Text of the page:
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updated: 9/5/2013 11:12 AM

History not on Bears' side with passing game

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  • While new head coach Marc Trestman has a history of developing high-octane passing attacks and raising the game of the quarterbacks who play for him, the Bears have a much different history when it comes to offense.

      While new head coach Marc Trestman has a history of developing high-octane passing attacks and raising the game of the quarterbacks who play for him, the Bears have a much different history when it comes to offense.
    Mark Welsh | Staff Photographer


Look, up in the sky, another promise that the Bears will have a modern passing game.

Caution: Believe at your own risk.

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Somewhere on this website you can see that I guessed that the Bears will win the NFC North (see attachment).

Apparently I have bought into what the Halas Hall turnover is selling … except for this notion of a 21st century offense.

Death and taxes are not the only two certainties. They are joined by the Cubs never winning a World Series in my lifetime, and the Bears never having a space-age passing game.

And I plan to live forever, you know.

Earthlings will play video games on Mars, the Atlantic Ocean will swallow the Pacific and gas prices will dip below $2 again.

But new Bears head coach Marc Trestman developing a 21st century aerial attack here?

Sorry, ain't happening.

If I'm right about the Bears winning their division this season, it'll be with the same old formula of defense and running the ball.

The more that the buzz in Lake Forest centers on Trestman's offense, the more it sounds like the buzz in Wrigleyville surrounding Theo Epstein's rebuilding program.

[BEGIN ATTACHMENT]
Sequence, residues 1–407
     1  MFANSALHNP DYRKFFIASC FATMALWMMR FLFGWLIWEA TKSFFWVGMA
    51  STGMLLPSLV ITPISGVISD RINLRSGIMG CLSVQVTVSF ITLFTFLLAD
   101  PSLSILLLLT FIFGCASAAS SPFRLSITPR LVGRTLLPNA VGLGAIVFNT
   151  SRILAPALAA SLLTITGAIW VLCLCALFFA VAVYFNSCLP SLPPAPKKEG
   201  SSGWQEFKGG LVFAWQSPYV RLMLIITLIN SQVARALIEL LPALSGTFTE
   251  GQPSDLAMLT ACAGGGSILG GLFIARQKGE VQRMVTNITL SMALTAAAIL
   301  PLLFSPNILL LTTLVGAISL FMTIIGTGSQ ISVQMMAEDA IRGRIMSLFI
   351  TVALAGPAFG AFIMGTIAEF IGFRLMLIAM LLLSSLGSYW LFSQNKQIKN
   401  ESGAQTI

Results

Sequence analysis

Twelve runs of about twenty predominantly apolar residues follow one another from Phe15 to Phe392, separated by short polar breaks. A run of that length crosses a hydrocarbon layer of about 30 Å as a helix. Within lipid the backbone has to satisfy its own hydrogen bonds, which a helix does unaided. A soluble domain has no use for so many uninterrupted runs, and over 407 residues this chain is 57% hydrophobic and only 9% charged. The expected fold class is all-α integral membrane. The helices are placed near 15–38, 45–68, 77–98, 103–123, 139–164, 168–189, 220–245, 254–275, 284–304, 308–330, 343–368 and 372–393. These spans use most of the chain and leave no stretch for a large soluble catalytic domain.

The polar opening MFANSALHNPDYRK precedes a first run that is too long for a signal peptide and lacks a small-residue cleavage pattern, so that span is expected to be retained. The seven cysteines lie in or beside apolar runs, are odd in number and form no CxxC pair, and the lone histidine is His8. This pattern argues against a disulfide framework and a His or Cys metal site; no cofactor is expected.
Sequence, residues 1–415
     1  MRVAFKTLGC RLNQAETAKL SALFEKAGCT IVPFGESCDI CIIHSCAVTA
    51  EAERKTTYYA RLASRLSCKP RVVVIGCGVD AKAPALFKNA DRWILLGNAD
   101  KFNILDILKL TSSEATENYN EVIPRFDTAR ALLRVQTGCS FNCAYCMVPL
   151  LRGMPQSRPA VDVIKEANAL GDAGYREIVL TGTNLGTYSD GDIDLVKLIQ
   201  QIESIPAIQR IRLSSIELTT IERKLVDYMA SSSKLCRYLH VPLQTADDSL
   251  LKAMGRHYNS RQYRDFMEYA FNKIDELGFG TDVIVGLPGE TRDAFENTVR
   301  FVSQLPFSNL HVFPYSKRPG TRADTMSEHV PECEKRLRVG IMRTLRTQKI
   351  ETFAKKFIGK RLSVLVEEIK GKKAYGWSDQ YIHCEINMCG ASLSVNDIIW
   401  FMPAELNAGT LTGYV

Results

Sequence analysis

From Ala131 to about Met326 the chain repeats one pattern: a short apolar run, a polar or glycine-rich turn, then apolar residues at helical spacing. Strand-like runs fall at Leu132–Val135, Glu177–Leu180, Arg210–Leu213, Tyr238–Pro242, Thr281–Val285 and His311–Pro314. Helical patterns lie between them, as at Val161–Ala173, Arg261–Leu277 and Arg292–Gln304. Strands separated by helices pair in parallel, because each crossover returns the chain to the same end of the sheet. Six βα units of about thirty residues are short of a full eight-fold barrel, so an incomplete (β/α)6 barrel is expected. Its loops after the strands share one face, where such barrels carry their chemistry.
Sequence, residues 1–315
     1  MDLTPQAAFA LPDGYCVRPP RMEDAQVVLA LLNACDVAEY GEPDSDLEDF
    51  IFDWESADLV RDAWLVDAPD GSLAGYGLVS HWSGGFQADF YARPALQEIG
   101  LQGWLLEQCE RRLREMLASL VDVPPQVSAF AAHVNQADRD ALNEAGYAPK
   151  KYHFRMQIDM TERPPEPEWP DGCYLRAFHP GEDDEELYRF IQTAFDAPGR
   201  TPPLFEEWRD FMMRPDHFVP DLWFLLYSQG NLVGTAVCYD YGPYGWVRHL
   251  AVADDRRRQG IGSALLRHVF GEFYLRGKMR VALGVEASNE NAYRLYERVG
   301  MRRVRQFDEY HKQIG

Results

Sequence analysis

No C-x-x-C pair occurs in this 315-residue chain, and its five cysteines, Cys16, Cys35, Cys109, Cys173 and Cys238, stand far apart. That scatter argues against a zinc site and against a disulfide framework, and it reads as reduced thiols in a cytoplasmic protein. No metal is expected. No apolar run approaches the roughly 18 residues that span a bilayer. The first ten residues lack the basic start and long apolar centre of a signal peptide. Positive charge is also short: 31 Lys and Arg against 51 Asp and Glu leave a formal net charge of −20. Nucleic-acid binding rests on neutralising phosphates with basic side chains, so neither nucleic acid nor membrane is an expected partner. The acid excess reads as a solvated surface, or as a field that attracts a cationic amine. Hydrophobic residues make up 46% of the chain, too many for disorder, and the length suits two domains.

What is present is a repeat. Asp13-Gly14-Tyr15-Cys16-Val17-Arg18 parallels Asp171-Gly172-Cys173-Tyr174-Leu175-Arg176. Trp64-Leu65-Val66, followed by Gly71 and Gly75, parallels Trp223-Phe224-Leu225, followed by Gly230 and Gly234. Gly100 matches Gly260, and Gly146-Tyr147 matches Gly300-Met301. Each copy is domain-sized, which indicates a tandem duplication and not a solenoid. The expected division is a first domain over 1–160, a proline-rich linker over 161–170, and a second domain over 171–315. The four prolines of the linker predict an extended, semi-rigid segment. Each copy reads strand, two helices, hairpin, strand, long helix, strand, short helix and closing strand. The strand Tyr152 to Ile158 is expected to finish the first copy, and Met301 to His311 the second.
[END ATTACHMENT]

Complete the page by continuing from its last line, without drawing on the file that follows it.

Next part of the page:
Each is a work in progress, more than six decades old now for the Bears and more than a century old for the Cubs.

Wake me when the Bears throw for 400 yards to win the Super Bowl and Cubs phenom Javier Baez' home run wins the World Series.

Until then, nobody gets the benefit of doubt. If forever you never have seen something, how can you believe in it?

Trestman and Epstein are assigned to create something many of us can't even imagine: A Bears professional-football offense and a Cubs championship.

These men are trying to perform unnatural acts. If God meant for them to succeed, He wouldn't have created Billy goats and Walter Payton.

Look, believe if you want that the state's pension crisis will be resolved, some day Chicago's expressways won't be rush-hour parking lots and global warming will turn the Upper Midwest into Southern California.

But the Cubs winning a World Series? Uh, no. The Bears having a 21st century passing attack? Uh, no.

I lost hope over the Cubs a couple decades ago, so it's nothing against Epstein and his front office of Theocrats. My skepticism about the Bears' offense is nearly as yellowed and wrinkled, so it's nothing against Trestman and his Trestmaneers.

For a long time I believed in every promising new plan of the Cubs and Bears.

The Ernie-Billy-Fergie-Ronnie juggernaut … Dallas Green's supposed New Tradition … the arrival of golden boy Andy MacPhail …

Won't be fooled again.

Gary Crowton's razzle-dazzle offensive circus … Jay Cutler's arrival at quarterback … Mike Martz' track record as an innovator of offense …

Won't fall for that again.

The Bears have fed us quarterbacks like the weak-armed, weaker-minded Cade McNown, the bad-to-worse Rex Grossman, and the miscast Bobby Douglass.

McNown was to the Bears what the black cat was to the Cubs, Grossman was Leon Durham's Gatorade glove, and Douglass was the great collapse of '69.

The conclusion here must be that the Field Museum will grow ears before the Bears routinely are able to pass for a first down on third and 18, and sushi will surpass deep-dish pizza as our primary food group before the Cubs win a World Series.

On a planet where anything can happen, assume these can't until Marc Trestman and Theo Epstein prove otherwise.

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